I've been using a Wen variable speed rotary tool since early 2017. It works as well as a Dremel tool costing several times as much, and the accessories are interchangeable. Right now, Amazon is selling it at a lower-than-usual price. Read the rest
I don't know French, but that didn't prevent me from being able to play this web-based game. The goal is to get the ball from one pillar to the next by holding down your finger (or mouse cursor) for the right amount of time. If you don't hold down long enough the ball will fall short of its goal. If you hold down too long, the ball overshoots. My high score so far is 194. Read the rest
As a kid I set my friend's kitchen on fire melting potassium nitrate and sugar on the stove, so be careful when making these cool colored smoke bombs, which use oil pastels as pigment. Read the rest
Tacklife makes good low-cost power tools. I've bought a lot of different tools from Tacklife and use them all the time. If you use code B797VDYT you can get this Lithium-Ion Rechargeable Cordless Screwdriver with 32-piece screw bits and USB charging cable for about half the already low price. Read the rest
In this very long 2014 essay for London Review of Books , Andrew O'Hagan wrote his experiences as a ghostwriter for Julian Assange.
I am sure this is what happens in many of his scrapes: he runs on a high-octane belief in his own rectitude and wisdom, only to find later that other people had their own views – of what is sound journalism or agreeable sex – and the idea that he might be complicit in his own mess baffles him. Fact is, he was not in control of himself and most of what his former colleagues said about him just might be true. He is thin-skinned, conspiratorial, untruthful, narcissistic, and he thinks he owns the material he conduits. It may turn out that Julian is not Daniel Ellsberg or John Wilkes, but Charles Foster Kane, abusive and monstrous in his pursuit of the truth that interests him, and a man who, it turns out, was motivated all the while not by high principles but by a deep sentimental wound. Perhaps we won’t know until the final frames of the movie.
Image: By Andreas Gaufer - 26c3 Wikileaks, CC BY 2.0, https://commons.wikimedia.org/w/index.php?curid=9478203 Read the rest
Ketamine has been used as a horse tranquilizer, infant anesthetic, recreational drug, and most recently, a surprisingly effective treatment for depression (which the US Food and Drug Administration approved last month). Now researchers are starting to understand how ketamine works: by rebuilding connections between neurons lost during stress.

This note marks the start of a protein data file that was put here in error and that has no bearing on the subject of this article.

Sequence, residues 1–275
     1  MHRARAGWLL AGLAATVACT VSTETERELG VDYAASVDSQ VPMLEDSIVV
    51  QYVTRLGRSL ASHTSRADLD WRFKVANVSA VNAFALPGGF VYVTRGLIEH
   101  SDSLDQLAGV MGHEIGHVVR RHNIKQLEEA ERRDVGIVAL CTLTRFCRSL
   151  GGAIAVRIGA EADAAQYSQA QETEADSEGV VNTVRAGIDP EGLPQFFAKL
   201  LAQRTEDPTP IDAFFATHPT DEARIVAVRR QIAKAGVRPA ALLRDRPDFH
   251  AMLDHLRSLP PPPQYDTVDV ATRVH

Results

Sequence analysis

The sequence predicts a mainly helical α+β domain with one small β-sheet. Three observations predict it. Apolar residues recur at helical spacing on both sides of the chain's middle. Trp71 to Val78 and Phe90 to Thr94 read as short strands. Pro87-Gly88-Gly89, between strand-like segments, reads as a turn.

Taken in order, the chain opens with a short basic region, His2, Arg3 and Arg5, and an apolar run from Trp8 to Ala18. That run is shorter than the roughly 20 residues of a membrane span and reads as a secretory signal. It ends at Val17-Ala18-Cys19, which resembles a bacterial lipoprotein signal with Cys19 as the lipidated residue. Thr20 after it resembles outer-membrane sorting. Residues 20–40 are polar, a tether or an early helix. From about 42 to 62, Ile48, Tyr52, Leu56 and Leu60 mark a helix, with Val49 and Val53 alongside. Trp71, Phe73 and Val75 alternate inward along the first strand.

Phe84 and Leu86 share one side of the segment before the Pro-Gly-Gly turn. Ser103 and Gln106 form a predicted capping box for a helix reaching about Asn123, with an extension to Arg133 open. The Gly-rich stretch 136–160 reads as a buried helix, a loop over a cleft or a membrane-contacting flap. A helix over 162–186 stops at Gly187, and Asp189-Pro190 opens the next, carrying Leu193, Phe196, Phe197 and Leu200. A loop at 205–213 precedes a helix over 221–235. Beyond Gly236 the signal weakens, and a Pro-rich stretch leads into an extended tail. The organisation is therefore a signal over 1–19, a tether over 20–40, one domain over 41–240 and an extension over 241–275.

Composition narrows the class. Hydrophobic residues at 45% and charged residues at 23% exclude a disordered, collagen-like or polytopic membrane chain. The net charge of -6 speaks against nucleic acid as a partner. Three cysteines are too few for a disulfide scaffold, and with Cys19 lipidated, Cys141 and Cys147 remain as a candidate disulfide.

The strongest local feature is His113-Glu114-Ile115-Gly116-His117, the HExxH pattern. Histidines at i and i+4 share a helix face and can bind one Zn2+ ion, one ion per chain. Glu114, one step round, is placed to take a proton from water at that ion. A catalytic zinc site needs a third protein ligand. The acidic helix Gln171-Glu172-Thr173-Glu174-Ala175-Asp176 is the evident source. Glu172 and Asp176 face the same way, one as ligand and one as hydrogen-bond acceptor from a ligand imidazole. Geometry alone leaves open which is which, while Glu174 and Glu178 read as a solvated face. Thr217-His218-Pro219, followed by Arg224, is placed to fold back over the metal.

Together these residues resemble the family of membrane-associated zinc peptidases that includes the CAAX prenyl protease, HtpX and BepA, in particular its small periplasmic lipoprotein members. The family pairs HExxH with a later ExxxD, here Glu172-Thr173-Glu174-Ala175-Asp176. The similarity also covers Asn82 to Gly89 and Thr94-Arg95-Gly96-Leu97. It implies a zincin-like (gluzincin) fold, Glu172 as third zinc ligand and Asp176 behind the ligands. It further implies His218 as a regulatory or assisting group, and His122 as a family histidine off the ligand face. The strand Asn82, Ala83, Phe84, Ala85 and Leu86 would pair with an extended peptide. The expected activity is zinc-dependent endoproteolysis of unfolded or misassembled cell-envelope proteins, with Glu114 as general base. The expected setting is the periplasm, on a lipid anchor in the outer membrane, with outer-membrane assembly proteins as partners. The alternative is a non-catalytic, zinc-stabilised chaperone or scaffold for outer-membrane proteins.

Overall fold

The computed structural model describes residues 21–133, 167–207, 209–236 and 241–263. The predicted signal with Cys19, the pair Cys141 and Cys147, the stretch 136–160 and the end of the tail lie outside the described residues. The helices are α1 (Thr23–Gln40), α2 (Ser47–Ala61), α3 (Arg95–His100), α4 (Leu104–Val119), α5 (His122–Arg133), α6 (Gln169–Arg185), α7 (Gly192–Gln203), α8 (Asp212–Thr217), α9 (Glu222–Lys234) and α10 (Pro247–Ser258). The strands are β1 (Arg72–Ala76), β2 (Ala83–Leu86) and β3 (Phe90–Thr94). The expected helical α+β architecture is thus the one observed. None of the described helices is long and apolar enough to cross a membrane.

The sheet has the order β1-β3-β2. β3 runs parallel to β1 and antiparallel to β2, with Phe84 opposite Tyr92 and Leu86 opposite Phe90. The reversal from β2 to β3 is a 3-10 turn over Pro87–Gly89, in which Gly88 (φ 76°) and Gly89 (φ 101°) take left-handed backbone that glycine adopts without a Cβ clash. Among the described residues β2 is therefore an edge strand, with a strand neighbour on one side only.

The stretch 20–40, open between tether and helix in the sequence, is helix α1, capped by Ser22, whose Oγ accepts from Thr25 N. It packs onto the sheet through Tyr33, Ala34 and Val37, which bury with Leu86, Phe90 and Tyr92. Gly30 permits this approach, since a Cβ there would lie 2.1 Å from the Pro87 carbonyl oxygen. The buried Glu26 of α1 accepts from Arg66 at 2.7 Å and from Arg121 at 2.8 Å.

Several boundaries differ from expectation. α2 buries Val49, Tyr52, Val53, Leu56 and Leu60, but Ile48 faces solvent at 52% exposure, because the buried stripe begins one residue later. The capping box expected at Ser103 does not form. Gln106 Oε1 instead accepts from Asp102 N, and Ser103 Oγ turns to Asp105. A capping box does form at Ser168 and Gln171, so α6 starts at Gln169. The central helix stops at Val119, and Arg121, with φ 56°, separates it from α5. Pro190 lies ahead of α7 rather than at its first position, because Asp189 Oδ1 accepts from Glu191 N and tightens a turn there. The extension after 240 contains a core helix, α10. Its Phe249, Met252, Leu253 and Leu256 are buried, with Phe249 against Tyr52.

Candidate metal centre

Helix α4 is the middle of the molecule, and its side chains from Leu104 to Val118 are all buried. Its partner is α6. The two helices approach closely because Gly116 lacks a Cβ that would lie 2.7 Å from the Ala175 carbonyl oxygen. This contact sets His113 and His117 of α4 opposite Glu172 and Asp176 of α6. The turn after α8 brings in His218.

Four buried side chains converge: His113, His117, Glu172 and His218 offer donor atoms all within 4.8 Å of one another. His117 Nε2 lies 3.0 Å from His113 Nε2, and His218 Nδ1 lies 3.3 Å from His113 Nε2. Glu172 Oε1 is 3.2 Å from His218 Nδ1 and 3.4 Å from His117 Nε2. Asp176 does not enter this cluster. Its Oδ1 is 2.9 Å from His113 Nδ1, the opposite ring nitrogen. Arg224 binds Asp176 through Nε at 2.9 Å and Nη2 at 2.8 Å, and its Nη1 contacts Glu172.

In a new study, researchers took a close-up gander at neurons in live mice under chronic stress, a condition that models depression in rodents. They found that a dose of ketamine helped first restore electrical activity and then rebuild physical connections between neurons that were lost during stress (Science 2019, DOI: 10.1126/science.aat8078). The observations suggest ketamine has both immediate and more sustained effects on how neurons function in the brain.
Neuroscientist Conor Liston at Weill Cornell Medicine and his colleagues implanted a prism into the frontal region of the rodents’ brains that, combined with a specialized microscope that captures images at extremely high resolution, allowed them to observe branches of nerve cells called dendrites in great detail over several weeks. They could even see tiny nubbins on the dendrites called spines, which form the synapses connecting nerve cells.
The 1960s is the culprit behind the neverending barrage of clerical sex abuse incidents plaguing the Catholic Church, writes retired Pope Benedict XVI. Apparently, the 1960s is a Manson-like monster that brainwashed innocent Catholic clergy to commit unspeakable acts under its command. The 1960s must be captured and brought to justice. The 1960s should be punished for victimizing the clergy under its spell, perhaps by subjecting it to strappado, interrogatorio mejorado del agua, or one of the many other benevolent forms of treatment invented by the Catholic Church to encourage sinners to see the light.
Retired Pope Benedict XVI has published a letter which blames clerical sex abuse on the "all-out sexual freedom" of the 1960s.
He said that cultural and historical change had led to a "dissolution" of morality in Catholicism.
The sexual revolution in the 1960s had led to homosexuality and paedophilia in Catholic establishments, he claimed.
Some allegations of child sex abuse by priests that have emerged date back to decades before the 1960s.
The only solution to the problem, the former Pope said, was "obedience and love for our Lord Jesus Christ".
Portsmouth, Virginia police officer Eric Rodgers' blood alcohol concentration was twice the legal limit when he crashed his car into Mashia Williams, leaving her severely injured. He was driving at night but his car's headlights weren't on. Seven months after Rodgers ran into her with his car, Williams has not fully recovered and hasn't worked. A judge just let Rodgers off scot-free.
Rodgers' attorney Thomas Hunter argued evidence showed his client passed all the field sobriety tests without showing any signs of being drunk.
Hunter argued the only reason why his BAC was taken was because Portsmouth Police didn't want any bias towards one of its own. Anyone else would have been cut loose.
"Everybody knows that alcohol affects bodies differently, so a reading in itself, if you just went on a reading, science has also proven that that's false," Hunter said. "It's not completely accurate. It's an indicator."
The judge agreed, and found Rodgers not guilty.
Image: Wavy.com Read the rest
When my father upgraded to the latest Apple Watch, he gave me his old Series 3 model. I wasn't sure if I'd use it, but after a few months, I've decided it is a net plus in my life.
The best thing about it is responding to text messages by simply holding the phone up to my mouth and talking. The natural language processing is excellent. This feature saves me a lot of time every day.